It was 1991, or ’92. I was maybe six or seven years old. My ballet backpack rested next to me. Every so often I caught a whiff of sweaty hairspray coming from the slick perfect bun seemingly glued to my head. My ballet class was over, but Mom’s Jazzercise had just begun. After a few minutes of watching the Jazzercise instructor bounce around in her lavender leotard, waiting for Mom to finish would get increasingly boring.
That is, until I got Little Mermaid and Aladdin game devices. I think they were made by Tiger. They weren’t Gameboys, but like Gameboys, they were made of a little screen with buttons, excitement and mini surprises like genie lamps. With my Aladdin game, going to Mom’s Jazzercise began to host an appeal similar to that of Saturday morning cartoons. During Jazzercise, no one could distract me from my magical games– even if they were ridiculously limited compared to today’s games (a whole device was needed for one game!). For that full hour after ballet, I could lean back and dive into the sea with Ariel.
If you were to tell my seven year old self that eventually, I could carry multiple games around, games with color, music, design options and themes, I would have told you that your imagination is even bigger than mine. Today though, it’s what we have: access to a universe of joyful stress relieving, mind pleasing apps. And unsurprisingly, the game apps I have on my I-pad are full of fantastical surprises like my ancient Aladdin game.
Luckily, my generation (generation Y or “the millenials”) seems to have carried its childhood into its adulthood with phenomenons like “bronies” and Kawaii artists. Bronies are adult fans of the cartoon show, My Little Pony, and Kawaii is an art form or style founded in Japan. Kawaii relies on a level of “cuteness.” Kawaii carries the lovable fluffy vibe of Care Bears, but with the added sophistication of sushi toons, huggable vegetables, plump koi fish and chubby kittens. The best part of these millenial subcultures is that they are not tied to any age frame or gender. An excellent example of Kuwaii art is Kuwaii Universe.
Alongside my productive and grading apps are apps that take me away during times of boredom, stress or general restlessness. Above all, these apps emit vibrant colors, comforting music, and nonviolent ambitions. So, unashamedly, I’ll share my digital twinkles with you. Hopefully, like me, you will find sanctuary and entertainment with my favorite adorable apps.
My 7 Favorite Magical Apps
1. My all time favorite is Line Play. It’s an avatar game, consisting of cartoon interior design, fashion, quests and frantic games similar to Candy Crush. There’s worlds within this stylish Kuwaii world called “squares,” like Treasure Island and Times Square– both places you can visit with your self designed sweet avatar. Your avatar has his/her own house, closet and if you’re inclined, a full time pet like a dog or cat. Trust me, you will find delight in the construction of your own little paradise.
2. Berry Rush is a speedy game in a garden of fruity treats, coins and excellent graphic design that includes the landscapes of beaches, forests and snowy trails. Don’t be intimidated by the Strawberry Shortcake theme; it’s this theme that makes the game so joyful and dynamic. Unlike, Line Play though, with Berry Rush you can’t take your eyes off the screen or else your little runner will crash into a mushroom or boardwalk.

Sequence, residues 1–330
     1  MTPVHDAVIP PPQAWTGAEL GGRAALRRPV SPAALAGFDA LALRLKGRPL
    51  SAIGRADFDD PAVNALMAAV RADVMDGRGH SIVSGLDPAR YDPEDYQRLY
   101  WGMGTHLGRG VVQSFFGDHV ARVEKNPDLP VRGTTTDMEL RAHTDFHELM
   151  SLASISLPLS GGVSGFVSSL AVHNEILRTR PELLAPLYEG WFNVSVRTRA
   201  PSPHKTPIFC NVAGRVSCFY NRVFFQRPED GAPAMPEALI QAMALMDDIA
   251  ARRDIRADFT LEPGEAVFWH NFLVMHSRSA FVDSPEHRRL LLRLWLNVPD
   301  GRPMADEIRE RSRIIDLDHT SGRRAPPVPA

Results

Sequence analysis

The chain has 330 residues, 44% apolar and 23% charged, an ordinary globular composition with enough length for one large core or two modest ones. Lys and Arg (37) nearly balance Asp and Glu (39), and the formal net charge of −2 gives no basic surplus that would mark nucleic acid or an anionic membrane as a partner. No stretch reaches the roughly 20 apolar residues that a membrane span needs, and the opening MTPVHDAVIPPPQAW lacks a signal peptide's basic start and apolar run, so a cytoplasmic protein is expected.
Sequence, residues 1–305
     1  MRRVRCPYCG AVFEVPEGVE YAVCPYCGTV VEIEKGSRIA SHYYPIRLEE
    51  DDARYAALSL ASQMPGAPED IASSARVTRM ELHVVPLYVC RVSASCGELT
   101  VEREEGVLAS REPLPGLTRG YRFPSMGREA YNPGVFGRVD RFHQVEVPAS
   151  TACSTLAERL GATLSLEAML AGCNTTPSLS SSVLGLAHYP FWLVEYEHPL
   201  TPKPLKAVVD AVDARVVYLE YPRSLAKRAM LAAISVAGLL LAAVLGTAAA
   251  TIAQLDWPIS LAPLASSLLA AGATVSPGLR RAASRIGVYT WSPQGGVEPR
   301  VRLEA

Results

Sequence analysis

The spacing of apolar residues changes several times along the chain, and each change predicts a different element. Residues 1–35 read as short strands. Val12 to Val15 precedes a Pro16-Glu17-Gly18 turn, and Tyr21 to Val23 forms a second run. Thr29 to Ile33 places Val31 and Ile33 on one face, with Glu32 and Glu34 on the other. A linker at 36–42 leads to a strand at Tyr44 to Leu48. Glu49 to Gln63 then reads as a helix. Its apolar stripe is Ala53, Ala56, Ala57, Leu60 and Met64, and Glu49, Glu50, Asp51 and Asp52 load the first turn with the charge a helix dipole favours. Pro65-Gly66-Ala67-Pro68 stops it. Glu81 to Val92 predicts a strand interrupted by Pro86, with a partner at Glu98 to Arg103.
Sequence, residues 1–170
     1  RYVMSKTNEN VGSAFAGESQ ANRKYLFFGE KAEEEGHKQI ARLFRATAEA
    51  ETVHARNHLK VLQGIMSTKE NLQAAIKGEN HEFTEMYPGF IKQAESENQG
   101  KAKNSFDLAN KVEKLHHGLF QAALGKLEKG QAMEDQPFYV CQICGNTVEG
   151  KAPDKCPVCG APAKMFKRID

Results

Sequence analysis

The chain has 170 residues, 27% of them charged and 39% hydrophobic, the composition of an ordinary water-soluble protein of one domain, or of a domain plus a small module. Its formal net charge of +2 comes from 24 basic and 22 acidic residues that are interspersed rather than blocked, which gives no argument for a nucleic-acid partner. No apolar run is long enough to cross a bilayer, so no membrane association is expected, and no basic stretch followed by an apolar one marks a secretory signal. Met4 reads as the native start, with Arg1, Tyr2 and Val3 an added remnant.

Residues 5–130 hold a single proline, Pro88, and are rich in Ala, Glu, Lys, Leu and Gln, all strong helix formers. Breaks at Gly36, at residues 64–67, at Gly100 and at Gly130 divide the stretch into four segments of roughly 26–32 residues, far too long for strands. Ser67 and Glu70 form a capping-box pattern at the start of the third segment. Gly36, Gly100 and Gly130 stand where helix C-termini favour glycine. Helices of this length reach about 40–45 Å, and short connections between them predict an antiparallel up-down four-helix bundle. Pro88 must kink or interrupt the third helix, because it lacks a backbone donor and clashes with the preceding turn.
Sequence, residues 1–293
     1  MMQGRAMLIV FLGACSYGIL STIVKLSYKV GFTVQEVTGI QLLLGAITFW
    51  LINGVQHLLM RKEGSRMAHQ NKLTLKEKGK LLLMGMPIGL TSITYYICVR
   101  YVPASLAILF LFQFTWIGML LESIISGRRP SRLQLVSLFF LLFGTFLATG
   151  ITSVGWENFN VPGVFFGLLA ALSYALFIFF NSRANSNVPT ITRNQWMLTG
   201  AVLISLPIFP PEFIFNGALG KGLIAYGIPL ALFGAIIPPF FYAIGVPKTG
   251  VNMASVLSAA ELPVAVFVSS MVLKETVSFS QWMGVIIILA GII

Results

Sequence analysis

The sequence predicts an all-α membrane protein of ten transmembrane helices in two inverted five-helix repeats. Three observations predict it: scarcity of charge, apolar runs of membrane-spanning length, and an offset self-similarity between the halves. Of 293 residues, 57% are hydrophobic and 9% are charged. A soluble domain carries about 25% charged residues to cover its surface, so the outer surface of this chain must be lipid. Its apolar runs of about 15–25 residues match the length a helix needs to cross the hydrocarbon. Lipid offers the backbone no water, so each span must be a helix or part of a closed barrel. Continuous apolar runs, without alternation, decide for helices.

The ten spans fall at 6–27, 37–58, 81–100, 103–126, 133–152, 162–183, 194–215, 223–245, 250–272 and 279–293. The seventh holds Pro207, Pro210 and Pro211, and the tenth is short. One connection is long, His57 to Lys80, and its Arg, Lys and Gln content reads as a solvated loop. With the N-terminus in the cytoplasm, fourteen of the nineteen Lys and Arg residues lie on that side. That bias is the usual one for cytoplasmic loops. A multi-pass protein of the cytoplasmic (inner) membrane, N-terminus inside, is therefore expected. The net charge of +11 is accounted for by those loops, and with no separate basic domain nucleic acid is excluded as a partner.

3. Like Berry Rush, you need to utterly focus on your screen for Sally Fitzgibbons Surf. This game is more challenging than Berry Rush, where the you move in a very simple forward way; with Sally Surf, the game puts you on the surf. And just like real surfing, the way forward is less predictable with currents and drops etc. So, when there’s no surf, there’s still some surf on your screen.
4. If you like Candy Crush, you will definitely like Blossom Blast Saga. I enjoy both games, but Blossom Blast graphics bring me more ease with the game’s majestic backgrounds and gardens. Upon each level attained, you discover artful imagery, a combination of unrealistic floating lands and realistic greenery, waterfalls and blossoms.
5. Both Sally’s Spa and Sally’s Studio HD (unrelated to Sally Surf) will absorb your attention, not only sharpening your time management and multi-tasking skills but also relaxing you in the visual contexts of spas and yoga studios. Sally’s Spa and Studio apps unfortunately aren’t free, however there is a free Sally Spa Lite. I recommend trying this out before buying the full package to make sure you like it (but I’m sure you will!).
6. You don’t have to be a brony to fall in love with this game: My Little Pony–friendship is magic. With this app, you build entire pony towns, play guitar-hero like touchscreen games, welcome different ponies, host parties, collect gems in an underground mine, pick apples…need I list more?
7. Monument Valley is a magical minimalist 3-D puzzle game guaranteed to challenge your brain as much as please it. The graphic design on this is more architectural, but still full of whimsy and “other worldliness.” In Monument, you will find yourself lost in interesting unimaginable buildings full of secret twists, turns and waterfalls.
Don’t deprive yourself of “childhood zen” as an adult. Use it to your advantage as a form of recovery, entertainment or a basic brain break. What are your favorite adorable apps?
I’m so pleased to announce that three of my poems, “Slots,” “Scraping” and “Make a Decision” have been published in Barking Sycamores Literary Magazine Issue 13. Barking Sycamores is dedicated to neurodivergent literature and its craft. I’m so honored to be a part of this project. Barking Sycamores Issue 13
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